1993 940 turbo fuel injector relay issues

Discussion in 'Volvo 940' started by s m via CarKB.com, Sep 4, 2005.

  1. Hi

    My 940 Turbo (4 cyl automatic) *was* working great ... until I brought it
    home from the seller's house :)

    Apparently the car would start then when at the stop sign, it died and would
    not start again. The car turns over and I was told it is likely the fuel
    injector relay (button, switch, or whatever it is). Any ideas on how to
    replace/repair it? Where is the fuel injector relay located? Is there a fuse
    attached to it?

    All ideas welcomed

    s m via CarKB.com, Sep 4, 2005
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  2. s m via CarKB.com

    Boris Mohar Guest

    It is likely a fuel pump relay. This is a white relay behind the ashtray in
    the center console. Remove it and if you are handy open pull it out of the
    case noting the way it came out. You should resolder the circuit board that
    holds two relays and you should also clean out the relay contacts. This can
    be done by folding as sliver of fine abrasive paper so that both sides can
    work the contacts. Hold the abrasive sliver with tweezers and work it in
    between the contacts. Either that or spend $50.


    Boris Mohar

    Got Knock? - see:
    Viatrack Printed Circuit Designs (among other things) http://www.viatrack.ca
    Boris Mohar, Sep 4, 2005
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  3. s m via CarKB.com

    Randy G. Guest

    Specifically, th VO;lvo relyas seem to have a penchant for cracked
    solder joints inside of them. Remove the relay, then open the case.
    Resolder each of the solder joints even if they look OK. If you don't
    know how to solder, find a fried who does. It isn't difficult. See:

    Generally, the contact points in a relay are plated. Once they get to
    the point of needing to be sanded, they need to be replaced. What
    happens is this- the contact points should be fairly flat with a large
    contact area. Often they are nt. The electricity arcs between them,
    and usually that's OK, but eventually the arcing canwear through the
    plating, or foreign matter gets between them and becomes carbonized.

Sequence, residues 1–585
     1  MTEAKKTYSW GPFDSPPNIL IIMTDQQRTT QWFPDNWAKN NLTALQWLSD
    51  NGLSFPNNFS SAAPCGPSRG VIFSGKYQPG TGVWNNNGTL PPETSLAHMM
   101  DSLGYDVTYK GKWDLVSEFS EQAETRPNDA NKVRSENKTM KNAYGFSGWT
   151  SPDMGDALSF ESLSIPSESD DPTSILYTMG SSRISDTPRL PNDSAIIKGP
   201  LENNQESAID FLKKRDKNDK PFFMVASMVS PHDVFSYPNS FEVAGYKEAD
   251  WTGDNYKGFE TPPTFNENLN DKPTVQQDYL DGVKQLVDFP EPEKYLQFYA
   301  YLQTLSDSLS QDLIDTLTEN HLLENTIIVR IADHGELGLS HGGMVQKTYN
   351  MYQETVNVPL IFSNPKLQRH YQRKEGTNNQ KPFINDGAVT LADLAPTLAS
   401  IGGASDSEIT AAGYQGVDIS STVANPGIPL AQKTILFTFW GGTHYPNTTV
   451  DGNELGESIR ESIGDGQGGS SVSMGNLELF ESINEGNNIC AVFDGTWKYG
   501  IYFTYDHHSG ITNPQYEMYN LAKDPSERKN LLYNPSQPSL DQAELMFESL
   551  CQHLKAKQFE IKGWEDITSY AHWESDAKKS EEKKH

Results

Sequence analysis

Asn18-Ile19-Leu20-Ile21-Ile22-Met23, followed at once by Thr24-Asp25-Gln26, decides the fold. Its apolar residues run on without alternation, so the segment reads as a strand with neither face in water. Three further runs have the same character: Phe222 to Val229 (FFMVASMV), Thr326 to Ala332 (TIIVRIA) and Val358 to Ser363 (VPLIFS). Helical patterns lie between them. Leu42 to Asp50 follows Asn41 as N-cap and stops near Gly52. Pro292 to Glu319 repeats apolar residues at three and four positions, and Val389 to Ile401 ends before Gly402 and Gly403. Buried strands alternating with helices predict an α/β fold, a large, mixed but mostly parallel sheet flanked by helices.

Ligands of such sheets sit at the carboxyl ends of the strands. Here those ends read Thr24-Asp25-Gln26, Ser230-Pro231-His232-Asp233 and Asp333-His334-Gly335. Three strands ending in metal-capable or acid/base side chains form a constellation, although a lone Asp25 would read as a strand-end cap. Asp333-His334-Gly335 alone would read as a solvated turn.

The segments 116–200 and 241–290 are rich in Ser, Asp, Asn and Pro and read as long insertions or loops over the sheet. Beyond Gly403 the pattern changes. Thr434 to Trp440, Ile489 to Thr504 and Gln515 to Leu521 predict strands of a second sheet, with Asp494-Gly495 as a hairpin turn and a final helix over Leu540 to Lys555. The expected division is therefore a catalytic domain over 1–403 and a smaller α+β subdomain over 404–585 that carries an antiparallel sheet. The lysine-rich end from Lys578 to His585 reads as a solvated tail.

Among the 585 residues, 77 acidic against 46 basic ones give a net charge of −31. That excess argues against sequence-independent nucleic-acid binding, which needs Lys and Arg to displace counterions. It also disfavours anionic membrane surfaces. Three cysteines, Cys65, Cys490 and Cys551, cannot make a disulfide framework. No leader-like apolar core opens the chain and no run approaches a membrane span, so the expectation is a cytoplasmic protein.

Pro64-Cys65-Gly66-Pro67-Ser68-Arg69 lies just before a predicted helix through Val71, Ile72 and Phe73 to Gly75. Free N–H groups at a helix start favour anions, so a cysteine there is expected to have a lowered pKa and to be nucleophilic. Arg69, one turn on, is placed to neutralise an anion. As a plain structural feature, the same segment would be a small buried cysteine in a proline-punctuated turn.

This can weld to the surface, or cause arcing on a very small ppint
    that wears through the surfact of the opposite contact. Whatever the
    case, the surface becomes pitted and the plating is lost. Once this
    happens, sanding and burnishing can give the relay a bit more life,
    but in all but the most benign cases, teh relay will eventuially fail
    again, and at greater frequency the more it is done.

    If the contact area looks ugly, try this- take a dollar bill and cut a
    strip about 3/8" wide off one edge. wet it with WD40 and then rub in
    some flour of pumice. it is a very fine abrasive. Then place this
    between teh contacts and pull it through. Repeat until the contacts
    are smooth and shiny. Clean the contacts up with alcohol to remove all
    traces of the WD40 and pumice. But ifyou do this it would be best to
    have a spare relay on order. You will probably need it- sooner or

    Bottom line- relays are a way for a small switch that can handle only
    small electrical loads to turn on and off something that takes a high
    current load. A relay does this mechanically with an electromagnet. A
    better solution is a solid-state relay which can have a life span of
    ten-fold or more over a mechanical relay. Hmm... I have a 10 amphere
    one sitting right in front of me... Hmmm.... Off to look at the wiring
    diagram! ;-)

    __ __
    Randy & \ \/ /alerie's
    '90 245 Estate - '93 965 Estate
    "Shelby" & "Kate"
    Randy G., Sep 4, 2005
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